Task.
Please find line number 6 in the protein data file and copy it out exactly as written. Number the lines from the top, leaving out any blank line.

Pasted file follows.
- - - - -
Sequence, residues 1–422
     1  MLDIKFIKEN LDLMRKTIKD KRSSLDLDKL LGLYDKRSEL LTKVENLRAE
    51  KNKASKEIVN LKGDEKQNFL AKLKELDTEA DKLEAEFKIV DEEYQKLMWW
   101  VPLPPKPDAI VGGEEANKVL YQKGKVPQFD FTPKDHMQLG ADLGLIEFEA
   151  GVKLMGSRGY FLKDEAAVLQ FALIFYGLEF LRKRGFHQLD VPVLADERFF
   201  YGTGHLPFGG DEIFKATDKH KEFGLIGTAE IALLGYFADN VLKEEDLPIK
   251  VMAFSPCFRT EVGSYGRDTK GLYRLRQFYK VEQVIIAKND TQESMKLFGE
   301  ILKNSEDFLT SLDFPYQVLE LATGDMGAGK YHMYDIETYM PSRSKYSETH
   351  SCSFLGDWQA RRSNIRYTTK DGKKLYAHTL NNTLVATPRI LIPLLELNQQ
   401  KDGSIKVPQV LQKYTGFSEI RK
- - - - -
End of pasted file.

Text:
   201  YGTGHLPFGG DEIFKATDKH KEFGLIGTAE IALLGYFADN VLKEEDLPIK